Want to hear the latest news from your college? Here are the top stories from the last few months.
College highlights Spring 2019
The Medical and Dental School: HRH The Duke of Sussex visited the world's first conflict wound research centre in March
The Scar Free Foundation Centre for Conflict Wound Research aims to minimise the psychological and physical impact of scarring and limb loss among Armed Forces personnel injured in service and civilians wounded in terrorist attacks. The Duke met with the University of Birmingham team behind one of the Centre’s flagship research projects, and watched veterans, seriously injured while serving in Iraq and Afghanistan, taking part in a workshop to help them cope with life with an altered and scarred appearance.
College of Life and Environmental Sciences: Successful home-based heart rehabilitation programme rolled out
A new rehabilitation programme that helps heart failure patients achieve better quality of life from the comfort of their own homes will be rolled out at four NHS centres across the UK. The Rehabilitation Enablement in Chronic Heart Failure (REACH-HF) programme, developed by a collaboration led by the University of Exeter and the Royal Cornwall Hospitals NHS trust, significantly improves quality of life. Researchers from the University of Birmingham led the development of the REACH-HF intervention and helped to evaluate the REACH-HF programme in a major national trial, funded by the National Institute for Health Research.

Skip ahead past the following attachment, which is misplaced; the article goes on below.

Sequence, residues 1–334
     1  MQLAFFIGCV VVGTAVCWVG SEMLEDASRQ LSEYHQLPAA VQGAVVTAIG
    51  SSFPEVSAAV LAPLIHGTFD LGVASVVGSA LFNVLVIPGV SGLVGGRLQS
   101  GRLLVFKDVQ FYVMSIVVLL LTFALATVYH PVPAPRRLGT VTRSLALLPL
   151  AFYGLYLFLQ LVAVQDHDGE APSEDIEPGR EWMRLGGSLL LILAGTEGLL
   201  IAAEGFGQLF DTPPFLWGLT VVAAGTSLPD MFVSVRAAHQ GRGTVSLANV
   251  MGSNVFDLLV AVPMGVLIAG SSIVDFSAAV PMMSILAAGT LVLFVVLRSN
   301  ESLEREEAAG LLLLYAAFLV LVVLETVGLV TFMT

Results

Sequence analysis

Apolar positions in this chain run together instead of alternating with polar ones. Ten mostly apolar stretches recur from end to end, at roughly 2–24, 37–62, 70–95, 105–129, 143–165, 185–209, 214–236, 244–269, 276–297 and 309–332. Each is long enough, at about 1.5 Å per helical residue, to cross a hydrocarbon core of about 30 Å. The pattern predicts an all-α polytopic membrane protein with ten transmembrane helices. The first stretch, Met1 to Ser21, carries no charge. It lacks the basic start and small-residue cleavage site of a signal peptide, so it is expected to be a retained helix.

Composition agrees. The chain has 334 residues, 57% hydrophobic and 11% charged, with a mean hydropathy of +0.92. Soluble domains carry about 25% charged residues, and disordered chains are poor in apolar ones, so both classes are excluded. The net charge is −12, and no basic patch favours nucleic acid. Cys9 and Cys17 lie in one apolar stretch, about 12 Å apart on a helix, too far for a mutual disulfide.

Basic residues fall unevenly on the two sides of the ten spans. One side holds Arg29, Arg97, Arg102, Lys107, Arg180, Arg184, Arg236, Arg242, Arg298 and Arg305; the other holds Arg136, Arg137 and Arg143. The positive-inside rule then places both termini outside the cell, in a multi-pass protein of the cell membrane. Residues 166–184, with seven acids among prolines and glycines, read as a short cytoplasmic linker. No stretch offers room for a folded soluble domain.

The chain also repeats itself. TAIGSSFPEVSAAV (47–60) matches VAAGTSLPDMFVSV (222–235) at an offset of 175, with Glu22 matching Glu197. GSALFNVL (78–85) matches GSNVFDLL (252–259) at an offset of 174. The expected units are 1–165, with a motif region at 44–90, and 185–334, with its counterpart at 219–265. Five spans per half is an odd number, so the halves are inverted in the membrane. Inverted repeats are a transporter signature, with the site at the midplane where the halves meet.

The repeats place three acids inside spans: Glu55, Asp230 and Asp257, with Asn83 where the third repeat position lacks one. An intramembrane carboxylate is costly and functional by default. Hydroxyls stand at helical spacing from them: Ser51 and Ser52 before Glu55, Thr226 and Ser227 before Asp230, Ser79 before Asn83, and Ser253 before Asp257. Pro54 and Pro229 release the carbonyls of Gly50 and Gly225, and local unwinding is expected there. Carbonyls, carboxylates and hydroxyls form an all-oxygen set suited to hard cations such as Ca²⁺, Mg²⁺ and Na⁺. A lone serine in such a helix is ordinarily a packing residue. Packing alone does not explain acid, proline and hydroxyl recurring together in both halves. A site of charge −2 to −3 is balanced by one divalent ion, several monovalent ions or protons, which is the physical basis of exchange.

The College of Engineering and Physical Sciences: On the hunt again for gravitational waves
Upgraded detectors are about to resume the Nobel Prize winning hunt for gravitational waves. UK astrophysicists, including a team from the University of Birmingham, are gearing up to resume the search for gravitational waves, the ripples in space time caused by some of the universe’s most spectacular events.
The College of Social Sciences: Improving support for students with vision impairment
A new study has identified key ways in which the Disabled Students Allowance (DSA) can improve to ensure that students with vision impairment can fully engage with independent study. The report offers recommendations on how the government can ensure that the current Disabled Students Allowance works for students with vision impairment, developed with the Vision Impairment Centre for Teaching and Research (VICTAR), in partnership with the Royal National Institute of Blind People (RNIB) and Thomas Pocklington Trust (TPT).
The College of Arts and Law: Senior VP at World Bank meets with students
The Senior Vice-President and General Counsel for the World Bank, met current students before she gave the keynote speech at the University’s Annual Meeting. Sandie Okoro (LLB, 1986), an alumna of Birmingham Law School, looked at where she believes the University can have the greatest impact in the near future on the issues she tackles every day. ‘I would like to see some solid research on Domestic Violence, Child Marriage and FGM and how these issues are detrimental to societies.’